2004 • 143 minutes • Warner Bros. Pictures
Crimson Peak’s box office may not be what Universal wanted, but I have been having a ball seeing it hit home with its intended audience: gothically and/or Romantically inclined women of all ages. I’ve seen (and, of course, promptly misplaced) tumblr commentary indicating that this was exactly what they yearned for as preteens when their mainstream and more current peers were focused elsewhere. All of this delighted sighing over romance and stylized frights brought me back to my own adolescence.
In 2004, back when I was a young preteen full of unspeakable urges (queer ones, not Byronic hero urges—well, not those Byronic hero urges), it was The Phantom of the Opera that captured the bloody hearts of the preteen Romantic hordes.
I mean, let’s face it: The Phantom of the Opera boasts a lot of similar elements as Crimson Peak. Beautiful, crumbling architecture, death looming in the shadows, young love, beautiful young women rising above their stations, gorgeous costumes, and brooding. Of course, there’s a Phantom in the sewers of Paris rather than [SPOILER REDACTED] in the attic, but both looming threats are surprisingly seductive. Oh, and there’s songs.
2012 • 111 minutes • Relativity Media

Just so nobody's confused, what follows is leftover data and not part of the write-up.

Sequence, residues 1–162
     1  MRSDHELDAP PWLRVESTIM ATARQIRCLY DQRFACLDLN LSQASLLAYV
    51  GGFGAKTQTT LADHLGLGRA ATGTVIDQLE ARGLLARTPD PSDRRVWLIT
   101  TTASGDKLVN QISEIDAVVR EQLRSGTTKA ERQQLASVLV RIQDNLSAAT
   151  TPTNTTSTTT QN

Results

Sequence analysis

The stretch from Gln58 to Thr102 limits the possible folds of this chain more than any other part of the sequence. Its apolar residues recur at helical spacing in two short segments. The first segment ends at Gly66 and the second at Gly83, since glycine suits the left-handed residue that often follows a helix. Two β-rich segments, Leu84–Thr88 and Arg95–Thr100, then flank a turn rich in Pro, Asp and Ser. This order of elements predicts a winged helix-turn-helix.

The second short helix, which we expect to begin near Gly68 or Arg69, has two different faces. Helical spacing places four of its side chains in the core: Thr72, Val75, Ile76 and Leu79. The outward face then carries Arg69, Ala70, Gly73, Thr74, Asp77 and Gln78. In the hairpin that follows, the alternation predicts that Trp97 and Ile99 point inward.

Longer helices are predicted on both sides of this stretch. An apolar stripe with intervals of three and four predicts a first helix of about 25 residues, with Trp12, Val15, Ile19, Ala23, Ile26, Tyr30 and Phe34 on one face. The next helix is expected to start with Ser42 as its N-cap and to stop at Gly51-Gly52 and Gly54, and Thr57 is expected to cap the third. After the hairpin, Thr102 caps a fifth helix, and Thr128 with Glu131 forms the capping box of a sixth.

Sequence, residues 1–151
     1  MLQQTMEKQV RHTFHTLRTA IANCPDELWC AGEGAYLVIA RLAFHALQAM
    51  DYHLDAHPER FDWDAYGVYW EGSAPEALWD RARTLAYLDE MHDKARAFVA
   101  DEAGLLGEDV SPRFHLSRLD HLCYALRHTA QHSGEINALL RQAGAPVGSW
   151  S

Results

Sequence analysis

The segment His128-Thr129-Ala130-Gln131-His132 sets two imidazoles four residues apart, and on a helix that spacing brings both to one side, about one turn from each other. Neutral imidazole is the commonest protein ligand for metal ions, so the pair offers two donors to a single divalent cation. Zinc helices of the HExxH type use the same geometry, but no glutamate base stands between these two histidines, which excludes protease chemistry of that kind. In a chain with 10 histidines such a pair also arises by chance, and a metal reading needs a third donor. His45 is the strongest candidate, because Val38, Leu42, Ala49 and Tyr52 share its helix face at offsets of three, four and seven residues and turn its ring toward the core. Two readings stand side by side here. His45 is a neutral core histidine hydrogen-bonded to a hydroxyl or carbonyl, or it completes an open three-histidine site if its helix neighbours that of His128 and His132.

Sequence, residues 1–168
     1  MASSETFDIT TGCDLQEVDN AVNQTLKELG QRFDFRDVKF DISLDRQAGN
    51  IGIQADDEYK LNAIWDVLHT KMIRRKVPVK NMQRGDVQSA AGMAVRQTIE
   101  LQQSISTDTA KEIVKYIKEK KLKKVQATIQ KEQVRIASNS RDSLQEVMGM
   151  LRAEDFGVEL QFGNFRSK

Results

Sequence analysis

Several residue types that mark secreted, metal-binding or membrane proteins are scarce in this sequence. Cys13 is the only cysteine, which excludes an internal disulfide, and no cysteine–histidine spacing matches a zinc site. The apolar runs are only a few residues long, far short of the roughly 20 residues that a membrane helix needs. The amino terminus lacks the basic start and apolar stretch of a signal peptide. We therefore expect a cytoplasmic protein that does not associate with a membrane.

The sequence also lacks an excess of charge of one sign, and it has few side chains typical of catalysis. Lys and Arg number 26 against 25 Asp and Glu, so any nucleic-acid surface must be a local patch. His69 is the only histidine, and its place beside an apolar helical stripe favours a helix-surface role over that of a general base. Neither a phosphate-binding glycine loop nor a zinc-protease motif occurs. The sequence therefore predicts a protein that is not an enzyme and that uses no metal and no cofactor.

On this, All Hallow’s Eve Eve, let me spin you a spooky tale, dear readers. Of a desaturated period movie from 2012. Concerning a famous American historical figure. Set in the Mid-Atlantic in the 19th century. Whose frames are splattered with CGI blood. Lots and lots of CGI blood. (I guess when it’s digital, it’s free!) And, of course, featuring historically accurate sunglasses.
What’s that, reader mine? No, I’m not talking about Abraham Lincoln: Vampire Hunter! No, that would be exciting, because there would at least be supernatural nasties at work (and Dominic West working some sick sunglasses). Although, having not seen it, I can’t authoritatively say if it’s exciting or not. In any case, my kittens, we are instead talking of The Raven, 2012’s other strange high-concept historical movie that came from beyond Grimdark Canyon for what surely must be some good reason. If only the film could think of it.
2015 • 119 minutes • Universal Pictures
Selling Crimson Peak to modern audiences has proved difficult for Universal Pictures this weekend. Difficult to the tune of $26.3 million in domestic and international box offices, which is quite low. Competing against the much more accessible Bridge of Spies and The Martian, both currently in theaters, definitely doesn’t help.